UTC and Time Zone Support in MySQL

May 27, 2011

I’m currently working on the fourth edition of my “PHP and MySQL for Dynamic Web Sites: Visual QuickPro Guide” book, due out later this summer. In it, I discuss how to effectively use MySQL’s support for time zones. Specifically, there’s an argument to be made for storing dates using Coordinated Universal Time (strangely enough, abbreviated UTC). UTC is commonly the same time as Greenwich Mean Time (GMT), except during the summer when the UK is an hour ahead of UTC. And that’s the point of using UTC: storing times (and therefore dates) in a format indifferent to any particular time zone. By comparison, my forum software or my blogging software may likely be storing times using the local time zone for the server. That may not seem like a problem until I move the site from one server to another in a another time zone, thereby introducing a disparity in the times. How critical of an issue is that? Well, it depends upon the application, but there’s an easy fix: storing times and dates in UTC.

As I write in the book, three things are required to use UTC. You do not have to change anything about the column that’s storing the date and time, but you do have to change how you INSERT or UPDATE records. Instead of using the NOW() function to get the current timestamp, you’ll want to use UTC_TIMESTAMP(). You can alternatively use UTC_DATE() and UTC_TIME(), to just return the current UTC date or time, respectively. That’s the first step.

Presumably, even though the times are being stored as UTC, you’ll probably want to present them using another time zone. (In the book the specific example converts all times to the user’s selected time zone.) To convert from one time zone to another, use MySQL’s CONVERT_TZ() function. Its first argument is the date and time being converted; the second argument is the original time zone; and, the third argument is the destination time zone. For example, to convert the posted column from UTC to Sydney, Australia’s time zone, you’d use CONVERT_TZ(posted, ‘UTC’, ‘Australia/Sydney’).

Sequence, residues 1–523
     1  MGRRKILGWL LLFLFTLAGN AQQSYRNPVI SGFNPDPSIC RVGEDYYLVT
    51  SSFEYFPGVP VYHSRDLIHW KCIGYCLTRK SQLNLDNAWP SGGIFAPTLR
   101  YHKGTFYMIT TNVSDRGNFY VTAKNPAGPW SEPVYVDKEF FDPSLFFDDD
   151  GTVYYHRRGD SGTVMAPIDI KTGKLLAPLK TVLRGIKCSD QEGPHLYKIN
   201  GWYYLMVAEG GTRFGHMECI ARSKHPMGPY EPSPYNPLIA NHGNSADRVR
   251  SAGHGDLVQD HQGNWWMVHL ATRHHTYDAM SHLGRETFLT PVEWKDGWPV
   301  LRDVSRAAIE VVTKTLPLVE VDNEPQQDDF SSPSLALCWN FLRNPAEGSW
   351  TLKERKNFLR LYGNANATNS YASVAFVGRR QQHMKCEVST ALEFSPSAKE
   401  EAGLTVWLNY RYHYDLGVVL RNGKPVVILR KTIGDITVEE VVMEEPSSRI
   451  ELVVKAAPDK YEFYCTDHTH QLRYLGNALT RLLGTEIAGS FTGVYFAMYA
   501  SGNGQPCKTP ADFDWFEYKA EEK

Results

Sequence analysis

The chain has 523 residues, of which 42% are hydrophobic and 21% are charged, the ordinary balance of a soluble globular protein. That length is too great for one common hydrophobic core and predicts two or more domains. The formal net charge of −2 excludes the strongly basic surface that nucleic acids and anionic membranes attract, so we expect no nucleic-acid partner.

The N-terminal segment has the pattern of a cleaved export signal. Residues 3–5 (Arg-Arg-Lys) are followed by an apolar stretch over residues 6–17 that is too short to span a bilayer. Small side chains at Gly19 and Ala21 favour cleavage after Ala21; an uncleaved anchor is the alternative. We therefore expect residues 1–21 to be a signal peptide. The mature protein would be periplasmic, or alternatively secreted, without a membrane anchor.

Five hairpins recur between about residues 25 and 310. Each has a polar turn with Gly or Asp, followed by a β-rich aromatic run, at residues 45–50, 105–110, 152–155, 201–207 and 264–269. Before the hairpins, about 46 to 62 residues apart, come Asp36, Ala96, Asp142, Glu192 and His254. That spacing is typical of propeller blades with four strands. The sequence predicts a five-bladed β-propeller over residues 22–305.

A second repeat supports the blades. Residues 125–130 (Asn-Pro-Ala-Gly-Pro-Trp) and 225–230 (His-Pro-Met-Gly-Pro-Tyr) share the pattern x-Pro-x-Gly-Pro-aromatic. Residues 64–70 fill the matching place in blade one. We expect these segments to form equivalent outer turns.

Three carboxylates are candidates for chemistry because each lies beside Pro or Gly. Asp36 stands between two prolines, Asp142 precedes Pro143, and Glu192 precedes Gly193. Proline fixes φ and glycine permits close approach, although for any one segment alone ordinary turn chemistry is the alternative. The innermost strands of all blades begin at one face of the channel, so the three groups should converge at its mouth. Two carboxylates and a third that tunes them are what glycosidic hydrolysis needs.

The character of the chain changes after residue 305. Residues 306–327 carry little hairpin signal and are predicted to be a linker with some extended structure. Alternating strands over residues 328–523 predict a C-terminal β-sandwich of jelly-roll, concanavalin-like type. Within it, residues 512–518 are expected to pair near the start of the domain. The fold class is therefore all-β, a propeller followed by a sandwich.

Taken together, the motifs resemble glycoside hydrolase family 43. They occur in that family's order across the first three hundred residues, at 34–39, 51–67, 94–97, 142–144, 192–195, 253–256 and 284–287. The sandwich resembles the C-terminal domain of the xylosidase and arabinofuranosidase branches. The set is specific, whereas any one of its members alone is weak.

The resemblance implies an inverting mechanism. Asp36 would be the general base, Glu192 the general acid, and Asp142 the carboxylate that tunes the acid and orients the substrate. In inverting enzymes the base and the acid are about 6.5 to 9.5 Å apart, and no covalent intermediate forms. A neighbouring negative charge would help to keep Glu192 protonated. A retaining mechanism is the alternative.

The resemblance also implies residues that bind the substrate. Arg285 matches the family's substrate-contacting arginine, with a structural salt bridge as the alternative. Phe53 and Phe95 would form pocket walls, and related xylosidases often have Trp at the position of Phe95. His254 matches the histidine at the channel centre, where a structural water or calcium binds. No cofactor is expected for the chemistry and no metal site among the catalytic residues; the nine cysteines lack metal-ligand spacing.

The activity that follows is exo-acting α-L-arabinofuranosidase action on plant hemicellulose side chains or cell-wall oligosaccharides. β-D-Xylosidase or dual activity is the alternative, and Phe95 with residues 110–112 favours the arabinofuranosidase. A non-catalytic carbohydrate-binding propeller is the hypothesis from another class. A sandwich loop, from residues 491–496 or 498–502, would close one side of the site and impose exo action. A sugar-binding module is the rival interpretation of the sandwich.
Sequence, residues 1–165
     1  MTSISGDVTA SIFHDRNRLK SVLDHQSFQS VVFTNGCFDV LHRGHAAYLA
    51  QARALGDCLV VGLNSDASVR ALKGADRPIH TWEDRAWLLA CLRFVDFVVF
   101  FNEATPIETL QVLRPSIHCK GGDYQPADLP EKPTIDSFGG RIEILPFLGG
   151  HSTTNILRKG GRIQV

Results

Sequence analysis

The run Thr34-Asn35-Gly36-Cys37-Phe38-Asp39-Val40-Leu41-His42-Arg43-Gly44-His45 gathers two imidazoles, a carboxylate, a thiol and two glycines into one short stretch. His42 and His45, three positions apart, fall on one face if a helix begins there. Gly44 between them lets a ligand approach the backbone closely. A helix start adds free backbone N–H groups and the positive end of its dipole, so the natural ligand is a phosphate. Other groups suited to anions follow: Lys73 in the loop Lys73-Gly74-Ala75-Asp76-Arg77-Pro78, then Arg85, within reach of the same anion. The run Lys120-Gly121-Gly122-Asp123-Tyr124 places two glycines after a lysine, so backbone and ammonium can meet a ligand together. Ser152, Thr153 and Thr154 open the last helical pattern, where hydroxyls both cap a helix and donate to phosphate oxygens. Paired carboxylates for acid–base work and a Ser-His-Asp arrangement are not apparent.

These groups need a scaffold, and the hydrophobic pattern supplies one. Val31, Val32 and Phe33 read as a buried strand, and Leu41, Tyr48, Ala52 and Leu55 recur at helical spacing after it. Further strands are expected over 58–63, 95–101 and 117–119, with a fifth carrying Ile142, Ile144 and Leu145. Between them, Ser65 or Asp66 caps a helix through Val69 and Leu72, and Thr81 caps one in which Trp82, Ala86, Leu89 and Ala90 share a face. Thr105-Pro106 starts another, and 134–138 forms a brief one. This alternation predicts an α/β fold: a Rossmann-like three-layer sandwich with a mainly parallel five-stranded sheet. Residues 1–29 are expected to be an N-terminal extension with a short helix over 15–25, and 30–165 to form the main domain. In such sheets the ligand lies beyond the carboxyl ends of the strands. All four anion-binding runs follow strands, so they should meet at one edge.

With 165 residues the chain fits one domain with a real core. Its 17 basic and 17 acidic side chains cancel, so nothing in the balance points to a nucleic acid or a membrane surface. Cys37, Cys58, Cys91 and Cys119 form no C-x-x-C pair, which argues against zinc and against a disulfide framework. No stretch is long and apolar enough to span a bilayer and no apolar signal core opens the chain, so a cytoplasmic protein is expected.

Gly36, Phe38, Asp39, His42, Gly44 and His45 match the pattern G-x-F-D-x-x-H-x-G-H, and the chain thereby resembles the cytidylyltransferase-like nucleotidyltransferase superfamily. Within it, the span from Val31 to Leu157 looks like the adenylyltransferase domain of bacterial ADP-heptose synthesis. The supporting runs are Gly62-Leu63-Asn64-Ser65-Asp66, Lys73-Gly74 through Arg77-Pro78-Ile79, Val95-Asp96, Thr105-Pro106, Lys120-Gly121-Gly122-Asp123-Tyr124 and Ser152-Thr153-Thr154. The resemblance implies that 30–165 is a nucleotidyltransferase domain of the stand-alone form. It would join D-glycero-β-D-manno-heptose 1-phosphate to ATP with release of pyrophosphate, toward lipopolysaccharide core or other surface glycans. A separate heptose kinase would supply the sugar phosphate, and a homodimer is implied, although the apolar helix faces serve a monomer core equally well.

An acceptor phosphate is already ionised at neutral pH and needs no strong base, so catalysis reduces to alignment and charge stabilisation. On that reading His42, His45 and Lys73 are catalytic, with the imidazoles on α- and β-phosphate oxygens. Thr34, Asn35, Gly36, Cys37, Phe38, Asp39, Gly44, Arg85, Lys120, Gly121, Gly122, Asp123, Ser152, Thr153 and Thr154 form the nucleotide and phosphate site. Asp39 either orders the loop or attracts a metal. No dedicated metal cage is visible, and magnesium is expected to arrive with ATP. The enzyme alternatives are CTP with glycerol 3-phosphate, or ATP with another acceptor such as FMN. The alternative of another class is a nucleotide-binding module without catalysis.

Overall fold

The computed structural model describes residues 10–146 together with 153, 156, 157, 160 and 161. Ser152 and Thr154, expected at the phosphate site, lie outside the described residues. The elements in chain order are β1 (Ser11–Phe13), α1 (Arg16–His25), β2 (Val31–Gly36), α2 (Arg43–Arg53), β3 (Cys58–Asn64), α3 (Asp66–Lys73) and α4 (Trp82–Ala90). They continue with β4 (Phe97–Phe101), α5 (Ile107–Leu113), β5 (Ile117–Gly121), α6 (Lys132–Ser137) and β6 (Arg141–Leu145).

The third thing you’ll need to do is install time zone support in MySQL. In other words, the MySQL database needs to be notified of all the time zones that exist and what their offsets are (from UTC). If you don’t take this step, the¬†CONVERT_TZ() function will return NULL values for every conversion. How you install the time zones depends upon your OS. If you’re using Windows, you’ll want to download the time zone description tables from MySQL’s Web site. The download contains the files that correspond to the time zone tables. You just need to shut down MySQL,¬†unzip the downloaded files, and copy/move them to the folder that represents the mysql database.

If you’re using most versions of Unix, including Mac OS X, the operating system itself has time zone definitions built in, and those should be used to populate MySQL’s tables. The most likely location of the system’s time zone files is /usr/share/zoneinfo. After you’ve confirmed the directory exists, you can populate the time zone tables in the database by executing the mysql_tzinfo_to_sql script that comes with MySQL:

mysql_tzinfo_to_sql /usr/share/zoneinfo | mysql -u root -p mysql

That would be executed from a command line interface, of course, and you’d need to enter the (MySQL) root user password when prompted.

When I executed this command on my Mac, I saw an odd error:

Warning: Unable to load ‘/usr/share/zoneinfo/+VERSION’ as time zone. Skipping it.

What the what? The problem occurred because in the zoneinfo folder, the very first file, named +VERSION, indicated the zoneinfo version. This, of course, was not a time zone file, so when the MySQL script encountered it, it didn’t know how to handle the file and therefore just terminated the import. After deleting (or temporarily moving) the +VERSION file from the zoneinfo directory, I was able to install the time zones in MySQL without a problem. Well, actually, a handful of warnings popped up for a few unusable time zones, but the other 568 time zones imported just fine (yes, who knew there were 568 time zones?).

And that’s all it takes to use UTC in MySQL. But do note that you’ll occasionally need to update the time zone tables, as the particulars of time zones do change, albeit rarely.